By Bill Whitehead
As stunning as the news was last Tuesday that Rocco Grimaldi was being called up from San Antonio so he could help out in Los Angeles, the word Sunday that he had been sent back down was, well, non-stunning. After sparking a rally in Nashville that helped the Panthers shock the Music City faithful and had them staying a little later at Bridgestone Arena than expected, the Cats decided to ship Grimaldi back to the AHL.
No surprise there.
First, understanding the connection with Grimaldi is necessary. The first NHL Draft that I covered was the 2011 one in St. Paul, a weekend that produced Calder Trophy-winning rookie Jonathan Huberdeau, Grimaldi in a second-day shocker, Vincent Trocheck and other exciting prospects like Kyle Rau, Jonathan Racine, Yaroslav Kosov and Logan Shaw.
Being drawn to and liking the 5-foot-6 Grimaldi, a polite, forthright, devout son of parents in law enforcement, proved to be as easy as Florida GM Dale Tallon picking the California native with the 33rd selection overall. Grimaldi was cordial in speaking with the media, had a plan of playing in college at North Dakota and expected to be with the Panthers after that. The one word I left Minnesota with to describe Grimaldi after talking to him was “determined,” which probably has plenty to do with his upbringing, skill level and competitive spirit, perhaps due to his physical stature.
Fans loved him and lined up to meet the 21-year-old forward in camp. His play in the preseason on a line with close friend Trocheck (read about their friendship) and Quinton Howden had fans loving him even more. His play in seven NHL games so far has only fortified Cats fans’ opinions, and their ire at him being sent down again is justified.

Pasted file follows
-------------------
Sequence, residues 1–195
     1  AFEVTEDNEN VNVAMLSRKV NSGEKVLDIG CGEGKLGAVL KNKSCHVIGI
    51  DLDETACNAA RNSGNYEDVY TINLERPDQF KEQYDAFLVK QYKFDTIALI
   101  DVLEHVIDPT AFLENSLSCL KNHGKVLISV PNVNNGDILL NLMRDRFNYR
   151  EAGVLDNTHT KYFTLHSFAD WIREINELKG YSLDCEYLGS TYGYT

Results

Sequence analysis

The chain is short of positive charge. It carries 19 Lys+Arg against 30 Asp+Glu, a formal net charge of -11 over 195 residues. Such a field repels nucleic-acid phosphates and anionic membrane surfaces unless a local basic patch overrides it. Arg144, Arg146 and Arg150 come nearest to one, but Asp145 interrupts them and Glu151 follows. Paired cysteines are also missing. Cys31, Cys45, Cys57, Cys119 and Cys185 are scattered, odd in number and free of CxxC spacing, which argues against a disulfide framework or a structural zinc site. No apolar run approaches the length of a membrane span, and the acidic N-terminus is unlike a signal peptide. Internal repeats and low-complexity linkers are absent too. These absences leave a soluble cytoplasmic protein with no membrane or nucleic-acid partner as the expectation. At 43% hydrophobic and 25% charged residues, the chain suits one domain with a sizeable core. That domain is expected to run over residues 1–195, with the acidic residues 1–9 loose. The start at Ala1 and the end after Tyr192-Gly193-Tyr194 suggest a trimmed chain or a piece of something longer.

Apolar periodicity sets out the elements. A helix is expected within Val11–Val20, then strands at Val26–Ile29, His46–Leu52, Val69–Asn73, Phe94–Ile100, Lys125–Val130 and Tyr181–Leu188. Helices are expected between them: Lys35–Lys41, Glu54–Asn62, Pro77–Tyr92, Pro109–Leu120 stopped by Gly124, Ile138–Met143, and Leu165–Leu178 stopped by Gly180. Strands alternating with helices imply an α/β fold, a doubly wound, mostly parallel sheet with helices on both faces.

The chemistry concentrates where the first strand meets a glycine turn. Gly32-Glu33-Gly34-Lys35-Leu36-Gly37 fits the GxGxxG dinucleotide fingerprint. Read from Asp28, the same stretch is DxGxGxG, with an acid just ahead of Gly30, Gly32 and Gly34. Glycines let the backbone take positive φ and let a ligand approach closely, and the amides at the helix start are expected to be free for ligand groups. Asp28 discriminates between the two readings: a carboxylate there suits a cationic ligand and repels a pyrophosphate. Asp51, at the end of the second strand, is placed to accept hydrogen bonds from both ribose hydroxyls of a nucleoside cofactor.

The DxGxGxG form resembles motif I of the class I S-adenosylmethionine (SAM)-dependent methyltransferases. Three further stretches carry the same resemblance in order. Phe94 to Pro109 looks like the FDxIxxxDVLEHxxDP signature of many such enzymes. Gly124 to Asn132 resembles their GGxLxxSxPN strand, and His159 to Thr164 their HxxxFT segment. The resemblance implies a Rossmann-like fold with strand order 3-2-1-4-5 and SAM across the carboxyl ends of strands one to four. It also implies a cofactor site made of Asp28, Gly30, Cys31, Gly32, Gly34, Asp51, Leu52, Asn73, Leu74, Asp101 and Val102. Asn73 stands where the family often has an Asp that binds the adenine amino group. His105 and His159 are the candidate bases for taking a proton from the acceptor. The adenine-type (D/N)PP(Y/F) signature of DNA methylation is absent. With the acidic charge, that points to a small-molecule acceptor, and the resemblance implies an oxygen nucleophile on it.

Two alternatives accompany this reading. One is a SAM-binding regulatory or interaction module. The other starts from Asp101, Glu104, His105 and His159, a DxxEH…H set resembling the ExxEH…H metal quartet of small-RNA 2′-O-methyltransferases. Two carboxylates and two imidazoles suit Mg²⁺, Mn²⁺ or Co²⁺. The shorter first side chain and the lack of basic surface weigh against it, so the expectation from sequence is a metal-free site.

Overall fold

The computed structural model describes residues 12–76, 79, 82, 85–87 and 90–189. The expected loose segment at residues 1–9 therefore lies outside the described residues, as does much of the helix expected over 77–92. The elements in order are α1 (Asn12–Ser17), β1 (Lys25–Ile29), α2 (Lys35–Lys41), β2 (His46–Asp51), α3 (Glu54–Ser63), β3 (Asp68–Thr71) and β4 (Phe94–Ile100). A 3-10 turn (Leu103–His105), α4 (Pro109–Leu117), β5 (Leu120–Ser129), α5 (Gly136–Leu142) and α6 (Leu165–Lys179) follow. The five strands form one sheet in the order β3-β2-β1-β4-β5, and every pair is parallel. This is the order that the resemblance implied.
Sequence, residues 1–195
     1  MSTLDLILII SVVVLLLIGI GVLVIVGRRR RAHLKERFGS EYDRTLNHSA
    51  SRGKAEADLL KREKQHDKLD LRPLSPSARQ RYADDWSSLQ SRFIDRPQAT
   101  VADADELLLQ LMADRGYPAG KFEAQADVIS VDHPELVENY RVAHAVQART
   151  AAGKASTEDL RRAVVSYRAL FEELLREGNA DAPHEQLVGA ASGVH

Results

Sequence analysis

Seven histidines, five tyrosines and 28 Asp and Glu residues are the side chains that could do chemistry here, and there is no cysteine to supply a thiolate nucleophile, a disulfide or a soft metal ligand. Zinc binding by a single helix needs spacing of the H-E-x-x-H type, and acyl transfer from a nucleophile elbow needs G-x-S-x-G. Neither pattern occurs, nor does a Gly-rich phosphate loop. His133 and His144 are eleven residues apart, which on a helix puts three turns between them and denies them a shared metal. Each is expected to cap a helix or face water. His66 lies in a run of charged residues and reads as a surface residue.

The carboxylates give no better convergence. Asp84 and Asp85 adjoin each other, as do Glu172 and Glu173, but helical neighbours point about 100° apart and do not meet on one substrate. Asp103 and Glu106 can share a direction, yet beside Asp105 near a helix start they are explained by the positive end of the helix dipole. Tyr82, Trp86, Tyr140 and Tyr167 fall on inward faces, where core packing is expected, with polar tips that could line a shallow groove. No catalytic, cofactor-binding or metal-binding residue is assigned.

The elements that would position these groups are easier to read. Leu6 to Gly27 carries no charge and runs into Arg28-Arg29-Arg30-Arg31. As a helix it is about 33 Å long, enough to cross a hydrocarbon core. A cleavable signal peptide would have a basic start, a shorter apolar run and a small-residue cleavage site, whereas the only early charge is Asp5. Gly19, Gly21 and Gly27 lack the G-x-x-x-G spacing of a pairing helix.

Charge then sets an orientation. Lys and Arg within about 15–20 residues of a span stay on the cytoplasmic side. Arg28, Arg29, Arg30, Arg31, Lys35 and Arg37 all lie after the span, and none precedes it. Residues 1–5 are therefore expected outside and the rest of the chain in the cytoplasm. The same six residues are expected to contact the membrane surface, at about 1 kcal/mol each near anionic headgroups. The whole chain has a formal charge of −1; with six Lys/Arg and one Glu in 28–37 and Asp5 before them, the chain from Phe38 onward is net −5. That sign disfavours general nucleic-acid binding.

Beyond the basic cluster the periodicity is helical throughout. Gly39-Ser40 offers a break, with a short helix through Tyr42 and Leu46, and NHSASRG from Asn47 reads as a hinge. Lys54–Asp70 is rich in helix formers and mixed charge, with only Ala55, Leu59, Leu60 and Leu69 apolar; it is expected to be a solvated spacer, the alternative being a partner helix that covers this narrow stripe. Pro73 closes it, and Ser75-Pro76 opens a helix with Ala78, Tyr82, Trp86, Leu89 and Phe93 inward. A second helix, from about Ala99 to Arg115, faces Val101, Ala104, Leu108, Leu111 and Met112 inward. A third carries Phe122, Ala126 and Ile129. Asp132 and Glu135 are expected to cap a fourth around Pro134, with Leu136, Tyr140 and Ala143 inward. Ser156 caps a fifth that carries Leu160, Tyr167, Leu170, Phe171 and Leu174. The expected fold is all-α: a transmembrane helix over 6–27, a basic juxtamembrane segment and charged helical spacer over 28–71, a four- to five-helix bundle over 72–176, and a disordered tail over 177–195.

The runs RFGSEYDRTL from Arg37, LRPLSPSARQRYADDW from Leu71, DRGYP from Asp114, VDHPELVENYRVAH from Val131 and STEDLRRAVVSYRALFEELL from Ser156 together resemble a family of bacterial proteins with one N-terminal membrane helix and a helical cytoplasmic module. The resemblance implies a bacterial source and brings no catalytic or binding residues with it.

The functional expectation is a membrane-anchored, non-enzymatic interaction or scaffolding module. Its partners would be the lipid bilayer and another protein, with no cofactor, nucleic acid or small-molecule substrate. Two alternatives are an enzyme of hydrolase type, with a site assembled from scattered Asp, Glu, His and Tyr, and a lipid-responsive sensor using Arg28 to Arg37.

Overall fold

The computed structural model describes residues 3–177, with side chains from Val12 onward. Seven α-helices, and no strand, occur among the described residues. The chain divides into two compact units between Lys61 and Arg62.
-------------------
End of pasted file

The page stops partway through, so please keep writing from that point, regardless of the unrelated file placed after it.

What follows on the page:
But there’s just no room on this roster.
The injured forwards who traveled with the Panthers on their recent 2-1-1 road swing against Western Conference playoff teams are getting healthy. Sean Bergenheim, Brandon Pirri and Dave Bolland all skated and appear close to returning. Bolland has been day-to-day since being injured in the season’s fourth game – Gerard Gallant’s first win – on Oct. 17 in Buffalo. Florida was 1-2-1 after that Roberto Luongo 1-0 shutout; they’re now 7-5-6. That’s how long Bolland has been out.
Yet Bolland has to play. He wasn’t brought in by Tallon just to mentor upstarts Grimaldi and Trocheck at practice and sit in the press box on game night. Earning $5.5 million this year and also the next four, No. 63 must be on the ice. His contract and keen ability to be injury-prone may irk fans, but has he been bad for Florida so far? A fair assessment can’t be made over four games played – four games, mind you, where the Cats were deplorable, when everyone thought the sky was falling, and when all talk of the Panthers around the league usually ended with “McDavid Sweepstakes.”
Bergenheim needs to be in, too. He scored the only goal in that Buffalo win, and when healthy – a big assumption – he’s productive. Same with Pirri, who Heimlich Maneuvered the club when the offense was gagging on early-season fumbling and bumbling. The healthy ones are making their cases as well. Tomas Kopecky contributes a ton, while Tomas Fleischmann played his best hockey at the end of the road trip. Scottie Upshall, who missed the last two games, is an emotional player who leaves it all on the ice, often with good results.
It’s a forward-filled roster that’s bursting at the seams. It’s like a fat man after a cheap lunch-time buffet: swelled, plump, and with few options.
Grimaldi will be back at some point this season. Injuries open up spots all the time, and his talents are undeniable. He’s fast, relentless and low to the ice (naturally). And on a team that’s pass-happy, he’s generally a shoot-first guy. His bond with Trocheck is tight, too, and the duo should be paired up in Florida red sweaters for years to come. Plus, if you’re really upset that he was reassigned to the Lone Star State, find solace in that he’s still in the organization; he possesses the kind of talent that could easily have been the centerpiece in some offseason trade, though there was no talk one was in the works.
My least favorite player quote right now – perhaps of all-time and you hear it often – is, “It is what it is.” I’ve heard it in baseball clubhouses, NASCAR garages, football locker rooms, hockey dressing rooms. You name the sport and designated changing room or interview area and I’ve heard it uttered when, frankly, the athlete had nothing else to say. As an aside, I’d love to hear an athlete say for once, “It’s not what it is. Really, it’s something entirely different that you couldn’t comprehend at all. It simply isn’t what it is.”
But this Florida Panthers’ roster? It is what it is.
Follow Bill Whitehead on Twitter @BillWhiteheadFL and in Scripps newspapers online at TCPalm.com